A River Ran Through Me

Hiking: “A strenuous walk in nature’s beauty that you can’t look up and enjoy or you’ll trip on a rock and fall off a mountain”
This basically sums up hiking for me.
As I was walking recently with my family and our friends, my thoughts began as per usual on every hike I’ve ever been on:
“It’s breathtaking out here. I love walking, why don’t I come out hiking more often?”
Precisely two hours later I fell off a log crossing an ice cold stream, semi baptized an unwilling friend, wrecked my ankle and broke off a branch with my leg.
I approached a fairly steep incline with one of my young guys in the church and very cleverly let him carry the conversation the entire way up. Why? Was I being polite and a good listener? Not really, I wasbreathing. I could hear conversation by a couple behind us and the embarrassed, laboured expenditure of valuable air in their lungs and thought to myself: “Suckers! They’re out of shape but not smart enough to hide it like I am.”
A friend of mine suggested the hike, but he actually knows what he’s doing out in the wild and that can be intimidating. I personally feel like it’s a little arrogant to show up with a decent backpack, trail mix, proper gear and a knowledge of nature. Why can’t he show up like the rest of us who are quite certain that if we got lost and separated from our snacks it’s completely possible to panic and die within a matter of hours lying on plants we could actually eat.
And he starts the hike with what I assume is a normal conversation amongst hikers: “Hey, my hiking buddy (definitely not you) said you can cut a ____ into the skin of a ____ tree, hang a pail on it, and come back and drink the tree water!”
Is this a joke? I was occupied with my hiking inadequacies already and now he tells me I can drink tree water? He seemed sincere but maybe they do this to every newbie? Someday I’ll be telling someone about tree water and they’ll quietly smile and say “You don’t hike much do you?”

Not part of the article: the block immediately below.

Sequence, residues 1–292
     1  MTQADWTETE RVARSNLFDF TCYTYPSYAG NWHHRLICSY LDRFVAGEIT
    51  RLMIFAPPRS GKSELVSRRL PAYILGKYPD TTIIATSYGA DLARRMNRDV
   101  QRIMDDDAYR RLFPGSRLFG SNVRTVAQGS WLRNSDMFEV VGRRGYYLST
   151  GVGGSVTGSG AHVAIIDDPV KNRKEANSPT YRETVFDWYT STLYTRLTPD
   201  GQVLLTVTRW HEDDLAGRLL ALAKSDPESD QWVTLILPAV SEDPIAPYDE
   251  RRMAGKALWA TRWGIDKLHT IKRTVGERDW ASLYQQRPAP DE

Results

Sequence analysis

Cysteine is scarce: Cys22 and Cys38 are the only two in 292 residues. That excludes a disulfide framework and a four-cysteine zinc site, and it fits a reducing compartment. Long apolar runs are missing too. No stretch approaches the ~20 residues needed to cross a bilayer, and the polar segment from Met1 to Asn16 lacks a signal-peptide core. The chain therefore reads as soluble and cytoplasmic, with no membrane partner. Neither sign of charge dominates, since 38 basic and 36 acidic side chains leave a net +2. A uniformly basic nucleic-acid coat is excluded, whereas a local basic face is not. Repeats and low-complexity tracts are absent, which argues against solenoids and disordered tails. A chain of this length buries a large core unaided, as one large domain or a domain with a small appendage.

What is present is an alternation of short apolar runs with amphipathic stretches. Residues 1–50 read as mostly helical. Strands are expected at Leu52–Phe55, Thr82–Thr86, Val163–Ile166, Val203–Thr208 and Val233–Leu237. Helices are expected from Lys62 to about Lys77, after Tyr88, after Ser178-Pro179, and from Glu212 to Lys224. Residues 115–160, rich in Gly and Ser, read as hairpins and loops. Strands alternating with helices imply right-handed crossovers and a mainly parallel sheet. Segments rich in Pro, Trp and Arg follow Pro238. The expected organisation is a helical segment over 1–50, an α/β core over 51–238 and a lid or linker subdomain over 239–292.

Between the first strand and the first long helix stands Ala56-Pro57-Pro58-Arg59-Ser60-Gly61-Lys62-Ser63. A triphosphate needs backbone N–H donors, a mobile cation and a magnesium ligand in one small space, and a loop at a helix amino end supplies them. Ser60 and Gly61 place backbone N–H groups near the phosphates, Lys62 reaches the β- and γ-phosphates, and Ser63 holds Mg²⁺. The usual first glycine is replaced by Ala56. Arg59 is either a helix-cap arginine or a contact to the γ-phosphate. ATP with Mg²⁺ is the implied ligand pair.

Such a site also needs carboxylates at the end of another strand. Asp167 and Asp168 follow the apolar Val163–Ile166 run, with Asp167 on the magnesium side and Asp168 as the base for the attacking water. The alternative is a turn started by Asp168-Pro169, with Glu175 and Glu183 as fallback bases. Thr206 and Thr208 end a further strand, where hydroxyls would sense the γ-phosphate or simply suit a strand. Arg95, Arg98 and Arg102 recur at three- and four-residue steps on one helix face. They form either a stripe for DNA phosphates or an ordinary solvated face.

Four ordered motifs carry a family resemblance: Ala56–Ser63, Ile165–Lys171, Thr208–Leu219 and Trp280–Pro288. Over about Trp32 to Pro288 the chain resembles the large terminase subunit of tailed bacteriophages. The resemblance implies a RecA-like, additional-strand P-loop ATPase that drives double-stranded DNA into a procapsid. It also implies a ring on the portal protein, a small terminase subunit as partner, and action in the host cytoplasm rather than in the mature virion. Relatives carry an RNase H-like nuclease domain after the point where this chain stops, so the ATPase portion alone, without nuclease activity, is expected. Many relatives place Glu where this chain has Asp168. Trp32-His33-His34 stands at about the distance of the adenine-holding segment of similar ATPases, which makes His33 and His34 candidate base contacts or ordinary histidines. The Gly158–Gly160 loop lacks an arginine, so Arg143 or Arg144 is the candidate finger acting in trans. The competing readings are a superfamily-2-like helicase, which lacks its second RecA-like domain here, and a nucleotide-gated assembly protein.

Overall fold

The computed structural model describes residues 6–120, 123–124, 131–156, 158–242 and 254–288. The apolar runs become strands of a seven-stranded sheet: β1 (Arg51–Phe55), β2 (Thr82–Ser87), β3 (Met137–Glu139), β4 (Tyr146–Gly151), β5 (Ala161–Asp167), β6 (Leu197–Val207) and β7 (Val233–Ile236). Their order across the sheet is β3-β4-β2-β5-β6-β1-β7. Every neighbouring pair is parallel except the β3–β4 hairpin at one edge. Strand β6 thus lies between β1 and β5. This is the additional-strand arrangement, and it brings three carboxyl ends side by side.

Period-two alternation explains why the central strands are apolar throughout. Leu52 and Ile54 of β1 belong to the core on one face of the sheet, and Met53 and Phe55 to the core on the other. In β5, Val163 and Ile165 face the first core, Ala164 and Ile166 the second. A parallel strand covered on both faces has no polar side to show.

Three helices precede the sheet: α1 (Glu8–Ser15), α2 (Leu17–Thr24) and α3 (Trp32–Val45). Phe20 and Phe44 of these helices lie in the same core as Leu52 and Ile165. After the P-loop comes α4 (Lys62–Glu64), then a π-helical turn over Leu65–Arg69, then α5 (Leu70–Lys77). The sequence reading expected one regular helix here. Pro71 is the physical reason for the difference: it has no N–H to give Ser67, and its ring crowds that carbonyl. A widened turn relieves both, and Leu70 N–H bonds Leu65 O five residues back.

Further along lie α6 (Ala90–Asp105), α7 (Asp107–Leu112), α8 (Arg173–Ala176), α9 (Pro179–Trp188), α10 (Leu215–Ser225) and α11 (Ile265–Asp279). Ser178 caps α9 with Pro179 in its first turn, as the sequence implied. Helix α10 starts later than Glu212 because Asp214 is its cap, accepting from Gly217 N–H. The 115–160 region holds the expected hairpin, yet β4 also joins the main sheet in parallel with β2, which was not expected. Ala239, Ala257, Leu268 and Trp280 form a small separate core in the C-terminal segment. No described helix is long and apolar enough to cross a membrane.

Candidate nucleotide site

It’s not the little spiders that made the cobwebs that are still in my hair and in my mouth that I’m really afraid of (I should probably close my mouth while hiking through trees but no one told me), it’s thethought of those terrible spiders from the Hobbit swooping down and carrying me off that gets me. In fact the hike really made me appreciate the entire Lord of the Rings franchise more as they seemed to spend a lot of time traipsing around out of doors with scary things like rain and bugs.
Are there such things as Stone Giants in the mountains? I’ll tell you what I told my kids.
“They wouldn’t be allowed to put it in a movie if they weren’t real.”
I should probably stop saying that because it really struck terror into my own heart this time…
The first part of the hike went relatively well and actually ended in a little meadow where we took a break for lunch. It was picturesque, I took the hiking boots off that I’ve had for twenty years (funny how the soles are still as good as new) and dipped my feet in the river. The birds were singing and everyone was having a grand ol’ time.
Roughly fifteen yards away things started to go horribly wrong.Wehad decided (not me as I would never be entrusted to decide something on a hike) that we needed to cross the stream over a log and it was going to be a bit tricky. One of the real hikers just up and jumped in the water to help people cross as the log was slippery and I will be completely honest and admit that she is a girl (most girls are but it’s still admirable for me to admit she was…). One of our lovely young ladies from church was helping people step onto the log as well.
They had safely transported several people across the raging waters, including children, when I stepped up.
Did I slip and drag Amy into the river?
Yes I did.
Did everybody see it?
Yes they did.
Do my daughters think less of their dad?
Yes they do.
I learned a valuable lesson that day…
That we should probably leave the house more often and come back bruised, sunburnt, and with our legs, ankles and confidence destroyed?
But we have one heck of a funny story to tell. That’s worth something, right?

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